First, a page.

We live in a world completely focused on time. Every person in your audience will have at least one time piece and some will have two or three. Yet somehow in the preaching event, all sense of time stops, at least for the preacher. Should the preacher be the only person in the room who has no concern for the clock? We even have some Christian quips stemming from long-winded preachers. “The mind cannot absorb more than the seat can endure.” Or, “If you don’t hit oil after 30 minutes, stop boring.” Often preachers themselves joke about being long-winded and then proceed to preach overtime. One of the worst experiences I had with guest authors while pastoring was a week of meetings with an evangelist who refused to preach for less than an hour.
Several issues contribute to lengthier sermons. Here are a few notables:
- Some preachers fail to edit their material properly, bringing far too much material to the pulpit. Sermon preparation will always produce more content than what should be preached. Part of the skill of effective communication is knowing what to leave behind and what to bring with you.
- Some preachers need far too long a runway to get their sermon airborne. Long introductions suck the life out of an audience. Your people are never more willing to listen than the first few minutes of your sermon. Sermon introductions should normally last about 10% of the total sermon.
- Unprepared rabbit trails plague some preachers, adding unaccounted time. These loose paths of thought can leave preachers wondering where the time went as well as be the source of problems.
- Some preachers never identify the sermon’s purpose by using a clear theme or proposition. A sermon without a target is certain to wander hither and yon.
- Some sermons suffer from too many details. Only the exegetical information essential for a proper interpretation should be brought to the pulpit. As one student of preaching has suggested, paint the picture but don’t tell everyone what’s in the paint.
- Illustrations are helpful in communication but don’t let yourself overillustrate a point. Illustrations don’t need illustrations. At some point a sermon can be like a skyscraper, one story on top of another.
- Some preachers come to the pulpit not fully prepared. A lengthy sermon can easily flow from an unprepared mind and heart as the preacher unwittingly tends toward areas of comfort and thus greater time. Too little structure can cause a sermon to wander as the preacher tends to be like Abraham, leaving without knowing where he was going.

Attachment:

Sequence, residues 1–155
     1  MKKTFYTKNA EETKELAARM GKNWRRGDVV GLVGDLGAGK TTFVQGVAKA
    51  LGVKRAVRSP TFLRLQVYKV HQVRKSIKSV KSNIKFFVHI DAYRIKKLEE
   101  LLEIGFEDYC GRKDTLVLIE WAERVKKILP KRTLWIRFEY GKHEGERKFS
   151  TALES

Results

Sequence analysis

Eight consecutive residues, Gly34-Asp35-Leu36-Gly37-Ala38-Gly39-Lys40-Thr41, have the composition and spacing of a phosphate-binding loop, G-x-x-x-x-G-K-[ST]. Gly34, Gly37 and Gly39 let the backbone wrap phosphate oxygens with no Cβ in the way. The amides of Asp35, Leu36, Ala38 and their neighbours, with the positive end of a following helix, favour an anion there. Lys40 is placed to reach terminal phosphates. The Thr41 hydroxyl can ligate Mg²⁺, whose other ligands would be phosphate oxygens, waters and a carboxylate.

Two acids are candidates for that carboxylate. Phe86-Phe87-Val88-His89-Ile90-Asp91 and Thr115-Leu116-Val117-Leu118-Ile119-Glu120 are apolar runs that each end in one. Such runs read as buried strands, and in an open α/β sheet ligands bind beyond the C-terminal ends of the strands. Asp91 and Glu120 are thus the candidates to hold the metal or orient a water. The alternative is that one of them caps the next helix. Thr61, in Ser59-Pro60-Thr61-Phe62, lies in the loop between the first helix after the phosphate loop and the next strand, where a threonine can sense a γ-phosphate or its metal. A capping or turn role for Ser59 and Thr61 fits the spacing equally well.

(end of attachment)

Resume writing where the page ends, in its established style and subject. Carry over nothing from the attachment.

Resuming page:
- When you get to the end of the sermon, end it. Don’t give empty promises like saying, “In conclusion,” and then go on for another 20 minutes. Never introduce new material at the conclusion. Even a crash landing is better than no landing. Again, your conclusion should be 10% or less of the total sermon.
I am not arguing that the preacher should leave out the good stuff in order to make the sermon shorter. What I am arguing is that you leave out all the other stuff and leave in only the best stuff. Let your words have a sense of urgency and clarity. Get to the point of the passage. You do not need to answer every exegetical question in the passage. You don’t need to turn over every rock, understanding it is okay to leave something for another time. Exhaust neither your text nor the audience.
These words are not offered as a rebuke but rather as an encouragement. Sharpen your message. Think purposely about what you preach. Sharpen the sword to a fine edge.
I give these words from one preacher to another, hoping that when you preach your next sermon, you will not do what you have always done. Old habits die hard, but a long-winded preaching habit is one habit worth reconsidering. As Dr. Robert Delnay, founding dean of Faith Baptist Theological Seminary, said concerning the length of sermons, “blessed are the merciful.”
Daniel Brown serves on the faculty of Faith Baptist Bible College and Seminary where he provides instruction in pastoral ministry and Bible. He has served in a variety of pastoral roles in addition to teaching on the faculty at Denver Baptist Bible College and Central Baptist Theological Seminary. Dr. Brown holds the MDiv and ThM from Detroit Baptist Theological Seminary and the DMin from Westminster Theological Seminary. He and his wife, Mary Jo, have been blessed with four daughters.